When Britney Griner was at Baylor, she was the talk of the town but not all of that talk had to do with her game on the court. She’s without a doubt one of the most gifted athletes in the world and her name is known globally, but that still didn’t afford her the benefit of being who she really was — a gay athlete.
So much has been made about male athletes who come out but little attention was spent when Griner came out and it was almost an afterthought to some. As unfair as that was, and still is, Griner highlights her hypocritical treatment at Baylor and how she had to hide who she really despite the university profiting greatly off of someone they were silently ashamed of.
The more I think about it, the more I feel like the people who run the school want it both ways: they want to keep the policy, so they can keep selling themselves as a Christian university, but they are more than happy to benefit from the success of their gay athletes. That is, as long as those gay athletes don’t talk about being gay.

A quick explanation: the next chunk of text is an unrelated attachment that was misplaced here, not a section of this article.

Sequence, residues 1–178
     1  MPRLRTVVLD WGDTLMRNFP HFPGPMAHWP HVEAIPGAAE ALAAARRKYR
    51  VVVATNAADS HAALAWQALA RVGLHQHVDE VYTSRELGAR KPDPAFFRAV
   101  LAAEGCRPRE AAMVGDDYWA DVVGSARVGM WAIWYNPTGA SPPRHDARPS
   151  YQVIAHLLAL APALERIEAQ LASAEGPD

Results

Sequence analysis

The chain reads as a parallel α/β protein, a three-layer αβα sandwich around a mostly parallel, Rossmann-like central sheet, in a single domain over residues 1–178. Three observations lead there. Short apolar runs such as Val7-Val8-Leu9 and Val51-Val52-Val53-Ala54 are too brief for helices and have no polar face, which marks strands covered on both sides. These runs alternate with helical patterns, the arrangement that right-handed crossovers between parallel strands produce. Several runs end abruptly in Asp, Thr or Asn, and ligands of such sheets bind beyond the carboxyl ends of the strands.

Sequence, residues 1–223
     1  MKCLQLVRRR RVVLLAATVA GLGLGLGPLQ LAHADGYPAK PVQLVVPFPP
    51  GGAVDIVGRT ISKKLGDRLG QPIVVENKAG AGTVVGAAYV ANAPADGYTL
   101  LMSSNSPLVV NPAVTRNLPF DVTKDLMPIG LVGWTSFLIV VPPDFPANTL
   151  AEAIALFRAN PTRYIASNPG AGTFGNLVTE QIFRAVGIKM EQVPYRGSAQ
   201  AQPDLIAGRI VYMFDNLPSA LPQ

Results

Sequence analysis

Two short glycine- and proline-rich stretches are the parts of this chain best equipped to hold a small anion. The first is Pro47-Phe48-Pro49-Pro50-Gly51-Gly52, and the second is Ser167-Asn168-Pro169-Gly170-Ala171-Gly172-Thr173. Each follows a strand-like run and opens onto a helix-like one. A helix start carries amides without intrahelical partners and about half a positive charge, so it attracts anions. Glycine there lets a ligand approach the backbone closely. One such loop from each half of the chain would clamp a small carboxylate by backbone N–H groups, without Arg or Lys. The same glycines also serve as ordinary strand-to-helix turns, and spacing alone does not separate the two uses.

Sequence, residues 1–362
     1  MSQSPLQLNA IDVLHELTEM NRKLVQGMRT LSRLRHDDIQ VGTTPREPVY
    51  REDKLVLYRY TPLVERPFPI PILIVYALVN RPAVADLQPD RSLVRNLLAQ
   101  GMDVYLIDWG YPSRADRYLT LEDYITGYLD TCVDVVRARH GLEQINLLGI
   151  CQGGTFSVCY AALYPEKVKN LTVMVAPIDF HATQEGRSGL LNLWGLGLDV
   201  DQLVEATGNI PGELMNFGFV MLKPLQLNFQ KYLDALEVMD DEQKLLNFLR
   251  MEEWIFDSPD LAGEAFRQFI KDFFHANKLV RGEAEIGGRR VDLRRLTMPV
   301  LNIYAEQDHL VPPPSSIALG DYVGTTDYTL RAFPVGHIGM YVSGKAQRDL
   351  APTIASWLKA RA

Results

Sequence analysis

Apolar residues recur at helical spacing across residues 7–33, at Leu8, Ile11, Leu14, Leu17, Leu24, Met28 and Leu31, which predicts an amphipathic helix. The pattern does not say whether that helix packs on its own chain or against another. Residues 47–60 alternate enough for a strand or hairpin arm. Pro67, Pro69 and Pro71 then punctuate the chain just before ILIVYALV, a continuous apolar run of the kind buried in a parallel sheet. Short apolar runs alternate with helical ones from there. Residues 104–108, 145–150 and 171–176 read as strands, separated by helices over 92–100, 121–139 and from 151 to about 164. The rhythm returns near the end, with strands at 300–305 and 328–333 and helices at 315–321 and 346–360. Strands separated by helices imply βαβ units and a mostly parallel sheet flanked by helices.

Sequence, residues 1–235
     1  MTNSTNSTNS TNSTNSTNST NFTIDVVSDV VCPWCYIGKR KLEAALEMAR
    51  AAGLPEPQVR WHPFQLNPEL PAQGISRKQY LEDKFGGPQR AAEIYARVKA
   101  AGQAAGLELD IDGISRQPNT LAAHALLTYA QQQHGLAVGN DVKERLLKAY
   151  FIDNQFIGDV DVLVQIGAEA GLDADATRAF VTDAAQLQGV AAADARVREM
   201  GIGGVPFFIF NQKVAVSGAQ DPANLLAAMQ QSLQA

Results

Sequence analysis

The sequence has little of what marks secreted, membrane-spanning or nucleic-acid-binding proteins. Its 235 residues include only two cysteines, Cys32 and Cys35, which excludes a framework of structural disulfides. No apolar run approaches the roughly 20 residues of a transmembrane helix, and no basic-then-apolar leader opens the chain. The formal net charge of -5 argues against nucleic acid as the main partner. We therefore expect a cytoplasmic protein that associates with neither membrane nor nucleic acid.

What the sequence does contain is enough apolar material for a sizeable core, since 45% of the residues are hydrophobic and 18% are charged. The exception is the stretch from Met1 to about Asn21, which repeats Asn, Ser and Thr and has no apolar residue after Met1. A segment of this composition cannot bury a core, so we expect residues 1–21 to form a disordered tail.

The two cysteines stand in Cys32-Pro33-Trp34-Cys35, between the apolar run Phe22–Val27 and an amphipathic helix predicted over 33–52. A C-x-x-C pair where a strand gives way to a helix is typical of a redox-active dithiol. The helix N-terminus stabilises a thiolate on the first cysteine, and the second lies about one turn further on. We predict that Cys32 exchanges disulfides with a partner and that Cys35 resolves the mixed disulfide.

The interview with Slate comes on the heels of a memoir that Griner is releasing that will detail the highs and lows of her incredible career thus far. But while she’ll forever be known as one of the greatest college basketball players ever, we must never forget the treatment she endured while riding a high wave she was forced to only half enjoy.
It may be possible for Baylor and Griner to reconcile but the first, second, third and fourth moves need to be made by a university that gleefully bathed in the publicity created by the talents of someone they were oppressing in the most vile of ways. It’s one thing to tell an athlete how to behave but it’s an entirely different violation to try and force them to hide who they are.
Thankfully, Griner has to hide no longer and is not afraid to tell the story that so many are living at the moment.